Total Pageviews

Wednesday, November 23, 2016


Bask in Moonlight.

Moonlight is the original, nuanced, indie drama we’ve been waiting for all year. It’s a coming-of age story told in three parts, each titled from the nicknames of the central character: Little, Chiron and Black.

Director Barry Jenkins shows us young man's struggle to find himself by following the heartbreaking journey of Chiron from age nine to adult. Chiron is repeatedly asked, “Who is you?” and so is the audience.

Moonlight tenderly touches on themes of African-American masculinity, class, race, family and drug abuse in ways that are rarely depicted onscreen.

Simply put: To the moon and back. It’s the intimate, indie drama we’ve waited for all year. Jenkins is a new voice in cinema and he and his film will surely have a powerful presence in awards season.

Award potential: Look for nominees in all major Oscar categories beginning with Best Picture. It’s a lock for a nom for the SAG’s ensemble cast award as well.

The acting awards are tricky, as three actors played the quiet Chiron, but I’d look to Mahershala Ali in the Best Supporting Actor category for his scene-stealing role as father-figure Juan. Naomie Harris is a lock for Best Supporting Actress. Janelle Moneae won’t be recognized for her work here but may be nominated against Naomie for her work in the upcoming movie Hidden Figures.

The Ten Buck Review: Worth ten bucks.

Thursday, November 17, 2016

Hell or High Water

best picture nominees
Hell, yes.

“A Texas Ranger hunts bank robbers in West Texas” may not sound like the setup for a movie set in contemporary times nor does it hint that this was one of the best films of 2016, but both are correct.

Scottish director David Mackenzie, writer Taylor Sheridan (Sicario) and cinematographer Giles Nuttgens have created a bold, original film that can confidently sit on a shelf with Bonnie and Clyde, Thelma and Louise and No Country For Old Men.

The story follows brothers Toby and Tanner (Chris Pine and Ben Foster) on a bank-robbing spree that is being followed, ahem, hunted by Texas Ranger Marcus (Jeff Bridges in full Tommy Lee Jones mode) and his half-Comanche partner Alberus (Gill Birminham). It's a solid heist story, but it's something a little more too; it's a tale of small-scale justice that is in shocking synch with rebel America.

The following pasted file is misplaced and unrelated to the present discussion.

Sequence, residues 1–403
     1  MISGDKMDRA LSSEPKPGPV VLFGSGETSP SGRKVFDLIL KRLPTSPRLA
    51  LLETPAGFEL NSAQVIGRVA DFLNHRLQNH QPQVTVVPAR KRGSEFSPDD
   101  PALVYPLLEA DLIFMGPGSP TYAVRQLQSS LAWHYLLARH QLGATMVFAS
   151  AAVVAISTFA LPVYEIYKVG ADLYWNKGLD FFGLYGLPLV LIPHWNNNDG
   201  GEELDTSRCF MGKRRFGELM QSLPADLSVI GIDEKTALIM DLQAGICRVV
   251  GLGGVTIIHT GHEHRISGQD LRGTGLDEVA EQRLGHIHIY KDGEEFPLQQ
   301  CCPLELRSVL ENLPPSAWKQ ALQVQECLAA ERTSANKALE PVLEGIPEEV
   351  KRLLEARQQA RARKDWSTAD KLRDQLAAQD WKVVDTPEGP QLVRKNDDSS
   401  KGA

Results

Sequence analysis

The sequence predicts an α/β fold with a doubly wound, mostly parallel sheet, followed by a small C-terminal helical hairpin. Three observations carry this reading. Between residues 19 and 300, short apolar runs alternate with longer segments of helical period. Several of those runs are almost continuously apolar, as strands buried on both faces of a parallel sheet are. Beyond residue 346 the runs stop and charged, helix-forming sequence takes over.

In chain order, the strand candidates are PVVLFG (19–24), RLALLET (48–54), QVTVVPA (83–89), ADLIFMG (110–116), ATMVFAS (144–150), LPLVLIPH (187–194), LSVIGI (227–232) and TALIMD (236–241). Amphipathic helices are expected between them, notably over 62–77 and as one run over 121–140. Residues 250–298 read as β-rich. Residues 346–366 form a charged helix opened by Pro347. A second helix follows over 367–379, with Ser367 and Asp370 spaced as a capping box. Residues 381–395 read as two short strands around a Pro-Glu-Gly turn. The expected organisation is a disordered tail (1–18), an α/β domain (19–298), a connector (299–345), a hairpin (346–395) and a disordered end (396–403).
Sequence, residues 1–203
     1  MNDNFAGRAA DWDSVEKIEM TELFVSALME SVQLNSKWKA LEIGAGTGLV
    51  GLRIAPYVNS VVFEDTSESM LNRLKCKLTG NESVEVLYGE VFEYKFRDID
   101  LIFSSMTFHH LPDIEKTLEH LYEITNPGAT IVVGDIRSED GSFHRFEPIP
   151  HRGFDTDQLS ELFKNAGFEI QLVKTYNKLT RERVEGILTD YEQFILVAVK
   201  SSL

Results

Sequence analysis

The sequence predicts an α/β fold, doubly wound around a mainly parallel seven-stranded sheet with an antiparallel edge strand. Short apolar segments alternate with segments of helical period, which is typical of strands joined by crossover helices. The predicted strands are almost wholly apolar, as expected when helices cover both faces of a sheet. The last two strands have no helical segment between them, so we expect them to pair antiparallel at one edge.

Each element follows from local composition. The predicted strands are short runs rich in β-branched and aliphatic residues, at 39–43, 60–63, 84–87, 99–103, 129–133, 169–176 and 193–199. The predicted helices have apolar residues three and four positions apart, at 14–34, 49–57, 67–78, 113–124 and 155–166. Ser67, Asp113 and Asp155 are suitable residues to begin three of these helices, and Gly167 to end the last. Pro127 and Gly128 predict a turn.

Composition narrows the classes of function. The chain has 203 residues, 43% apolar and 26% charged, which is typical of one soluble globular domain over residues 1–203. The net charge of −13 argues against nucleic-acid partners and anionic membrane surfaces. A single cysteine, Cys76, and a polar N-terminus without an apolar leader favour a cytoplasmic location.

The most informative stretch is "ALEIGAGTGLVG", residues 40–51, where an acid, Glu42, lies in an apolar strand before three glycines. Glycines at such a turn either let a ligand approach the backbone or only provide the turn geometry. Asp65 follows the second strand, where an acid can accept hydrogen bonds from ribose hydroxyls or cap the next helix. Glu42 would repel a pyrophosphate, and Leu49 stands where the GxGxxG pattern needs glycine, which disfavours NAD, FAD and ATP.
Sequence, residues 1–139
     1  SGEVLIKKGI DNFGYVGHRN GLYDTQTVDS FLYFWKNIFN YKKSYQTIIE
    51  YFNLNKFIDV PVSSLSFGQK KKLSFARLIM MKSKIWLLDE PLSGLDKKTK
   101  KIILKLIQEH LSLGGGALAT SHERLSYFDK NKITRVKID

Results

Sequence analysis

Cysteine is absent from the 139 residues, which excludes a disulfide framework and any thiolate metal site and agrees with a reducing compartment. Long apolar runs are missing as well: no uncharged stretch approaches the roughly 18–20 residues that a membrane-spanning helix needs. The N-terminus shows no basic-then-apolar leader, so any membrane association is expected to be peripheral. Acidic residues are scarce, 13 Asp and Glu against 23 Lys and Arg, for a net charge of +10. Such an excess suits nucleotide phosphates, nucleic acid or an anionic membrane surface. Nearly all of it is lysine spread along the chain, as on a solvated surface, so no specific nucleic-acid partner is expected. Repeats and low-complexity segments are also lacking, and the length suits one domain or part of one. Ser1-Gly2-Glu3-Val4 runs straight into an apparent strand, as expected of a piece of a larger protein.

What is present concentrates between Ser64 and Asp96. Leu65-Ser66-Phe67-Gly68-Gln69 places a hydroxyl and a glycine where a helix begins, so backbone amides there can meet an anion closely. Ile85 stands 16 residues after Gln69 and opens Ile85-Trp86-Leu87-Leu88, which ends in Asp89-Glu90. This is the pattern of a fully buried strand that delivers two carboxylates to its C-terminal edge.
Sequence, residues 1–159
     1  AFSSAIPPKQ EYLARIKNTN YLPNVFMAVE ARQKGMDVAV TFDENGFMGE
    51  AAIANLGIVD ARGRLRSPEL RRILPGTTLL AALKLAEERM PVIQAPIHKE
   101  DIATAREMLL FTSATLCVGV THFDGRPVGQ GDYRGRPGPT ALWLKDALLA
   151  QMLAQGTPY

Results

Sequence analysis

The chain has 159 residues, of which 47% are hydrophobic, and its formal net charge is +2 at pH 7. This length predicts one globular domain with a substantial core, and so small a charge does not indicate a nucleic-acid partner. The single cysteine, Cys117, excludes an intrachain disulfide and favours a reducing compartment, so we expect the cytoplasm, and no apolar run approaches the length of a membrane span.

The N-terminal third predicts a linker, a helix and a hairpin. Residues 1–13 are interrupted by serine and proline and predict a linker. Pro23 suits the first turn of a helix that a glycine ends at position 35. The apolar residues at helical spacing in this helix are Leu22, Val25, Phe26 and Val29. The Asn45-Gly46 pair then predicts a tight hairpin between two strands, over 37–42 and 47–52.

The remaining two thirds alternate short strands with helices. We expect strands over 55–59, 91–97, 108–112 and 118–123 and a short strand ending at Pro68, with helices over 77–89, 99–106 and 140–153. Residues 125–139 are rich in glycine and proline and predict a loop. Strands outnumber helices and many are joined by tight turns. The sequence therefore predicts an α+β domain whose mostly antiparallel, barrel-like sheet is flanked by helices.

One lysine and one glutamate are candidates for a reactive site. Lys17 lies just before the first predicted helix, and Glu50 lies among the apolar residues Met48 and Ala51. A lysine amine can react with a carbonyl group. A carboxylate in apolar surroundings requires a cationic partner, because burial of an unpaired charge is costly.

Rich dialogue. Handsome cinematography. Sizzling soundtrack. Standout performances. It's one of the best films of the year.

Simply put: It's a modern (but sepia-tone) classic that shouldn’t be missed.

Award potential: If Oscar voters remember all the way back to August, it should rack up nominations for Best Picture, Best Cinematography, Best Original Screenplay, Best Actor Jeff Bridges (who milks every line like the pro he is), and Best Score (Nick Cave and Warren Ellis) — maybe more.

The Ten Buck Review: Worth ten bucks.

Friday, November 11, 2016

15 BEST PICTURE CONTENDERS FOR 2017 (and when you can see them)

does emma stone have an oscar
Ooh, la, la-la-land! 
It’s that time of year when Oscar caliber films fall out of the sky and into theaters. Five of this year’s top films are in theaters at this writing, with three more to follow before December.

Yeah, it's too early to predict the ten Best Pictures as some of these will definitely lose momentum before January (Sorry Warren Beatty), but these dozen films are a safe bet to be totally ten-buck-worthy (and one of them features the future Han Solo). Enjoy!


Hell or High Water
Brothers Toby and Tanner (Chris Pine and Ben Foster) are on a bank-robbing spree in West Texas, and a Texas Ranger, Best Actor frontrunner Jeff Bridges, is on to it. It’s a beauty and it’s sensational.